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By Danielle E.

Parents put their children into many sports hoping that their child will walk out with a positive outcome of what sport they would like to play permanently. What the parents do not consider is how certain sports can leave a negative impact on their child. Meaning, that their child is being judged on their external appearance rather than what kind of person they are and how they perform. This is affecting many children and teens by making them believe that they need to be perfect for society and fit society’s needs. This causes a child or teen to develop an eating disorder, have low self-esteem and question if they will be good enough for anything besides their sport. So, the question is, “should athletic judges be allowed to judge on external appearances?”

The main sports that judge on appearance is diving, figure skating, dancing and gymnastics. There is pressure on both men and women who attend these sports, but the main concern is on women. In a recent study, it has been recorded that 62% of women who involve themselves in these sports are fighting an eating disorder. The cause of the eating disorder is brought upon by the judges, the coaches and of course the media. The coaches are strict on the girls to lose weight because the judges have admitted to, “consider thinness to be an important factor in deciding excellence.” And where might you guess that the judges got this thought process from, the media.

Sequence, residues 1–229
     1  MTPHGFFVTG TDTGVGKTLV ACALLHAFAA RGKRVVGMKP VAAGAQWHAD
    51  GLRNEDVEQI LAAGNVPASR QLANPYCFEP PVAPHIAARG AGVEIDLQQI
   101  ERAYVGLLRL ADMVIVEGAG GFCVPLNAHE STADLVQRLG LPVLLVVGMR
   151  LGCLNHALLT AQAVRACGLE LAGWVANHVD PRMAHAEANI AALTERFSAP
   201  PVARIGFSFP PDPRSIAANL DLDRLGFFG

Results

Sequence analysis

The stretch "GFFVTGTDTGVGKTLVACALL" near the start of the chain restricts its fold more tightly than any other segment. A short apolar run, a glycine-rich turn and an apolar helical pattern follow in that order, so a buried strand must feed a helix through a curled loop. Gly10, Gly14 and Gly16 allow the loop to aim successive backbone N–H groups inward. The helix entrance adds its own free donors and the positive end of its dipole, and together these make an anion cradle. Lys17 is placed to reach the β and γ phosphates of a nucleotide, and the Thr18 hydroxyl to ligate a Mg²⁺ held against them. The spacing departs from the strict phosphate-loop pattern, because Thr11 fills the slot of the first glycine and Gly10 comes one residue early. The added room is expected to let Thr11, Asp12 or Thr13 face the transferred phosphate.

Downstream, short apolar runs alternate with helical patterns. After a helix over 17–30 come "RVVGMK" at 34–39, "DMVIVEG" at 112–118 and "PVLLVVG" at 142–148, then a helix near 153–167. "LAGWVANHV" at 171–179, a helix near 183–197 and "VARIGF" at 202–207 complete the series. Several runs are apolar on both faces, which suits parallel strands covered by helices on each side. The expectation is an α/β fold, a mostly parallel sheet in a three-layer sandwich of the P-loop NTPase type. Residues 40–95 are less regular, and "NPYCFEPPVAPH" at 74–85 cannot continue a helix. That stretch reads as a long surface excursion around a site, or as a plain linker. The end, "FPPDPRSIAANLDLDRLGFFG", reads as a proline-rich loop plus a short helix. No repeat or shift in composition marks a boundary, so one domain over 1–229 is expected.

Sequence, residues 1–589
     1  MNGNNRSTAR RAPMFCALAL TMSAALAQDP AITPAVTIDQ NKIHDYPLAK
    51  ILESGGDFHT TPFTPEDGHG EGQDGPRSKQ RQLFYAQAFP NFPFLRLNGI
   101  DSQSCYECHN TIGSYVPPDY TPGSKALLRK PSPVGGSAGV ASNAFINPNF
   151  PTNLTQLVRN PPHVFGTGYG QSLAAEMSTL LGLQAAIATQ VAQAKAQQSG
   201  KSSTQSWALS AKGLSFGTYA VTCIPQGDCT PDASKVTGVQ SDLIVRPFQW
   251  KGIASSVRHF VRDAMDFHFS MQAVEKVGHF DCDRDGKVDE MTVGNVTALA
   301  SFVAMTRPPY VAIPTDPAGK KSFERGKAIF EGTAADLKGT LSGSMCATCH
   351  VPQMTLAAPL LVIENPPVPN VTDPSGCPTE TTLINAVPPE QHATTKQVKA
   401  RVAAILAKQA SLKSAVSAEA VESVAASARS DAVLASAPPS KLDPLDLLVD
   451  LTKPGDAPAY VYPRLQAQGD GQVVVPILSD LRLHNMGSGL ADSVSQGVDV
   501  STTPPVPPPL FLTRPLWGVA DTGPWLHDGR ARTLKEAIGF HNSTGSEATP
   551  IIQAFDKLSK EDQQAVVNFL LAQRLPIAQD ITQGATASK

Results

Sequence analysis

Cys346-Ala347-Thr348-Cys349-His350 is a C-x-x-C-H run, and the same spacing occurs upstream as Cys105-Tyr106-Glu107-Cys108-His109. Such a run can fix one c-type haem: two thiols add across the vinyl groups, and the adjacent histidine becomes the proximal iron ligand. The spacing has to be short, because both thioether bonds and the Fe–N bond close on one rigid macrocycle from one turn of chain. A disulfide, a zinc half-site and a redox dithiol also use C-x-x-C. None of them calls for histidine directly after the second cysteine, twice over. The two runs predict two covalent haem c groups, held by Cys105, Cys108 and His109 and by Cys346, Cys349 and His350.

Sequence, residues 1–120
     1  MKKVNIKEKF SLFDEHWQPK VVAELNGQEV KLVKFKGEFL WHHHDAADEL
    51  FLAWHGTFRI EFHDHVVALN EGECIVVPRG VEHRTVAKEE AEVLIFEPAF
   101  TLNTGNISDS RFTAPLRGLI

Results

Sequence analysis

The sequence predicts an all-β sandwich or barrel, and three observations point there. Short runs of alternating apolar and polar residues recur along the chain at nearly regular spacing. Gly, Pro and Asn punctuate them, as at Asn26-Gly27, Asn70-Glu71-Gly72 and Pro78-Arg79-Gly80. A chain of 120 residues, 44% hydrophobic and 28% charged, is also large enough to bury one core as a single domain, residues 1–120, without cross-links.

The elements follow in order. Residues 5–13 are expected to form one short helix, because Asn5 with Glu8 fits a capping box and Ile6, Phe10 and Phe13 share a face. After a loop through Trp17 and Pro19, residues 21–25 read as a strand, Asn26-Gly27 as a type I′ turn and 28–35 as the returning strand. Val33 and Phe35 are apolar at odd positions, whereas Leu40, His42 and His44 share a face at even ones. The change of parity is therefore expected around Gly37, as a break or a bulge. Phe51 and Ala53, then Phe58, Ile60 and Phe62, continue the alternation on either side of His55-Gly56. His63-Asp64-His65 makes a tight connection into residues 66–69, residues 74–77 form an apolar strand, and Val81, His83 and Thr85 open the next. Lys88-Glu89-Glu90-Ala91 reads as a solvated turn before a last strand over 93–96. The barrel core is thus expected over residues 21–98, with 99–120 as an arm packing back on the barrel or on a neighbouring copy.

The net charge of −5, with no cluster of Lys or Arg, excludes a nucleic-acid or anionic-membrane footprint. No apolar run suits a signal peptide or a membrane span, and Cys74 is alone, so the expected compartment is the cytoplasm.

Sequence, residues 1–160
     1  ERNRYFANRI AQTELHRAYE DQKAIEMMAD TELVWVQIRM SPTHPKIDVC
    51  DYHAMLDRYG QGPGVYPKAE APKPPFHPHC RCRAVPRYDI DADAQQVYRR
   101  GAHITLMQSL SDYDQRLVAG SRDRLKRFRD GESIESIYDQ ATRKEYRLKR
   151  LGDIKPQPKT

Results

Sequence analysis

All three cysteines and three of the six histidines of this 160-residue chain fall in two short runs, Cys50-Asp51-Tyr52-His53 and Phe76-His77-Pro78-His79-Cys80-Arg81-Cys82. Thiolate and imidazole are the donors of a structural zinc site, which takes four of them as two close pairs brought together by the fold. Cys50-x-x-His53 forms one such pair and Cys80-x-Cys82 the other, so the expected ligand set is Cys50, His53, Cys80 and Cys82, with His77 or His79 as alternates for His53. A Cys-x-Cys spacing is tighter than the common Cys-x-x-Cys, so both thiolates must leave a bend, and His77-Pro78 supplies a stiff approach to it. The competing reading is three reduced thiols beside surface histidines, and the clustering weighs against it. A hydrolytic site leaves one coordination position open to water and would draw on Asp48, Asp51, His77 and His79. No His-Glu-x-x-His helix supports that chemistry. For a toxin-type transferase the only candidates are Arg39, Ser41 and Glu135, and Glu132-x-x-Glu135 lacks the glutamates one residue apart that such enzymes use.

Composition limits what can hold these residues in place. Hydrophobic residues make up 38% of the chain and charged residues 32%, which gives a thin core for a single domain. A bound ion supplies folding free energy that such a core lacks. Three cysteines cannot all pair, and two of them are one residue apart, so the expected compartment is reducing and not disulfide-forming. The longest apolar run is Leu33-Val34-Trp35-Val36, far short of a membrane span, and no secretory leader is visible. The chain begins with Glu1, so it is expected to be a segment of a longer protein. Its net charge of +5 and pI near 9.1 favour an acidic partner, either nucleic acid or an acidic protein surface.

Commercials, television shows, the Internet and even the radio have brainwashed children at a young age to, “lose weight, be thin and beautiful, buy more stuff because people will like us and we’ll be better people for it.” Not only does this type of thinking affect a child’s thought process about what they should look like when they step out the door but it also affects the specific sport they play. Ballet dancers and dancers in general are known as being a “slender individual…with the stress of achieving perfection for performance…and additional pressures from their instructor to maintain and/or lose weight that becomes unreasonable.” Due to this way of thinking, in 1997 a twenty- two year old ballerina by the name of Heidi Guenther passed away from a fatal heart attack due to her eating disorder. As for gymnasts and figure skaters, they fit the same profile as a dancer and have to live up to the same external appearance. In 1994 at the age of twenty- two, gymnast Christy Henrich passed away due to complications in her eating disorder.

Not only have I researched how all sources of judgment can have a negative impact on athletes but, I know someone very close to me that has experienced it. My cousin Kristy at the age of four started figure skating for the fun of getting all dressed up and learning cute routines, but sadly it soon escalated. At the age of ten she started being judged because of her weight and was often told her weight was getting in the way of her winning. This caused her to exercise all the time with unhealthy eating patterns and on top of that started taking weight loss supplements. In her twenties she was soon addicted to those supplements and other drugs, which caused her to go to rehab six years ago. I am happy to say she is now five years sober and healthier than ever.

After doing research and learning what girls are going through to fit society’s needs, is it really worth it to judge on external appearance to get that five seconds of fame after winning first place?

Works Cited

1.    “The Incidence of Eating Disorders Among Athletes Continues to Rise.” Raderprograms. Web. 3 Apr. 2013.

2.    “The Media.” SomethingFishy. n.p. n.d.

3.    Dawes, Dominique. Appearance Plays a Role in Judging. FoxSports, May 2012. Web. 3 Apr. 2013.

4.    Ormond, Kristy. Personal Interview. 2. Apr. 2013.